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In our opinion: Radical thinking needed to improve Utah's graduation rates

Published: Friday, Nov. 30 2012 12:00 a.m. MST

Utah lags behind 31 states in terms of high school graduation rates, according to data released Monday by the U.S. Department of Education.

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For Utah, high school graduation figures released by the U.S. Department of Education this week held nothing but bad news.

The worst of that news? If you are a Latino student here, your chances of graduating in the 2010-11 school year were only slightly better than if you were a public school student in Washington, D.C. According to the figures, 43 percent of Latino students in Utah failed to graduate last year. Adjusted numbers show that this rate has improved each year since 2008, but that is hardly cause for celebration. It just means an unacceptably dismal rate was even worse before, and the 7 percent improvement over that time doesn't come close to fixing the problem.

Overall, 24 percent of Utah high school students didn't graduate, but the figures show a huge disparity between white and minority students. American Indians or Alaskan native students graduated at levels equal to Latinos, while 39 percent of black students and 28 percent of Asian and Pacific Islander students didn't graduate.

This is the first time each state has used a new, more rigorous method to calculate graduation rates. In the past, each state used its own method, often under-counting dropouts and making it impossible to make accurate comparisons. Now, the picture is clearer. However, it is not clear whether anyone in power intends to propose solutions outside the realm of simply doing more of the same.

We agree with state Democratic Party chairman Jim Dabakis, who said Utah's graduation rates are a "five-star emergency." However, we disagree with his solution, which appears to be to just pour more money into the system.

Critics always seem quick to note that Utah ranks last in the nation in per-pupil expenditures, at just over $6,000 per student. But a comparison of expenditures to graduation rates quickly reveals no correlation at all. Utah's Latino graduation rate was the fourth worst in the nation. But the very bottom of that list, the District of Columbia, spent the most per pupil in the nation in 2010, $18,667.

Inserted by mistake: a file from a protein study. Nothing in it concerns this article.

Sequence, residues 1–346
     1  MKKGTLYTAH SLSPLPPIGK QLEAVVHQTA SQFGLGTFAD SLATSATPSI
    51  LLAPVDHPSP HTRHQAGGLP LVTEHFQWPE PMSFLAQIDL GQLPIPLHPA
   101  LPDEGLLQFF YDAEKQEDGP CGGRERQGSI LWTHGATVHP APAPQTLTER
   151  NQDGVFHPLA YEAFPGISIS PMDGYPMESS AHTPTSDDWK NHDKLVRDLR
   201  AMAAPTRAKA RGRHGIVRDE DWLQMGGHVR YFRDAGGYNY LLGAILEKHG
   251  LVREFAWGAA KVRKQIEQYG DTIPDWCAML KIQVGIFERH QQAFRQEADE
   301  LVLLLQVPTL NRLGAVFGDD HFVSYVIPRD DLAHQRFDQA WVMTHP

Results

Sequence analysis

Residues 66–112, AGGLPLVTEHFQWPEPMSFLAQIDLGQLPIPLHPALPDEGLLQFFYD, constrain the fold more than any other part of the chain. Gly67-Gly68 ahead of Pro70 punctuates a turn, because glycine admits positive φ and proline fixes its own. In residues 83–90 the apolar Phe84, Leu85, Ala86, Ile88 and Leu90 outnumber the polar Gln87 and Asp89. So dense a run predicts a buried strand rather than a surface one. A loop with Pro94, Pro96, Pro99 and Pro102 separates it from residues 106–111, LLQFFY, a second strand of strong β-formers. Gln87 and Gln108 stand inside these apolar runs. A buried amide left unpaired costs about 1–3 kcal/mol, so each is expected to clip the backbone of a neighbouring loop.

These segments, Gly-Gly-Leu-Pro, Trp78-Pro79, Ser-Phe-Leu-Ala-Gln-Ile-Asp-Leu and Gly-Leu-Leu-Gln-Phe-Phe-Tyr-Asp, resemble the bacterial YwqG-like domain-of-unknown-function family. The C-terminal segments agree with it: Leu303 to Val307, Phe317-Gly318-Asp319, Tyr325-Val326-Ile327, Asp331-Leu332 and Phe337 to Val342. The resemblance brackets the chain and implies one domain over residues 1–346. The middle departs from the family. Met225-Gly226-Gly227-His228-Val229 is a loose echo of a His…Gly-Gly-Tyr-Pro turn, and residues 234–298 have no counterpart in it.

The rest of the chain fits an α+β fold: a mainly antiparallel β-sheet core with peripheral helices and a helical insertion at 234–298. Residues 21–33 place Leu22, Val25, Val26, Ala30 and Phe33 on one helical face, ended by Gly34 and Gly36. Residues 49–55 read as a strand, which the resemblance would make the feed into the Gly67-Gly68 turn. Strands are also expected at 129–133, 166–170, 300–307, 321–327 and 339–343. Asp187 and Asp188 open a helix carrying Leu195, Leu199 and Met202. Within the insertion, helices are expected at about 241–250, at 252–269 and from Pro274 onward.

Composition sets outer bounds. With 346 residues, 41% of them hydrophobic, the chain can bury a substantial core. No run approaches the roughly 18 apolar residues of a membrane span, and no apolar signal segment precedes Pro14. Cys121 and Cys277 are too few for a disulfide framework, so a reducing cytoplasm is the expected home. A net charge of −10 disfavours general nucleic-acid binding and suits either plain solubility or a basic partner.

The state with the best overall graduation rate, Iowa, spent $9,800 per student, which was below the national average. A quick Web search reveals hand-wringing news stories from Iowa on its lagging public school expenditures, but no attempt to tie that to performance.

This is not to say state lawmakers shouldn't make public school spending a priority when they meet in January. It is, however, to say that money is not the root of the state's poor graduation record.

Utah's politicians and educators need to keep in mind that Utah students are not merely competing with students in other states; they will be competing for jobs in a global economy against people who graduate from far-better-performing schools in other nations. Utah's overall graduation rate puts it 32nd in a nation that itself ranks disturbingly low among industrialized nations.

A recent Harvard study noted that just 6 percent of U.S. students scored at what is considered an advanced level on an exam given in 56 countries in 2006, which was lower than 30 other counties. The study said the inability to adequately teach math may threaten economic growth in the United States.

It's time for radical thinking on the part of those who govern and administer public education in Utah. That may mean harnessing disruptive technologies to drastically change the learning environment, especially for minority students. It may mean changing how students are advanced through the system, basing advancements on performance and mastery rather than on time spent in a classroom. It may mean turning teachers into tutors who help students understand lectures they watch on the Internet. It may mean involving the private sector to a greater degree. It may mean a host of things entrepreneurs can devise with the right incentives.

It does not, however, mean simply doing more of the same.

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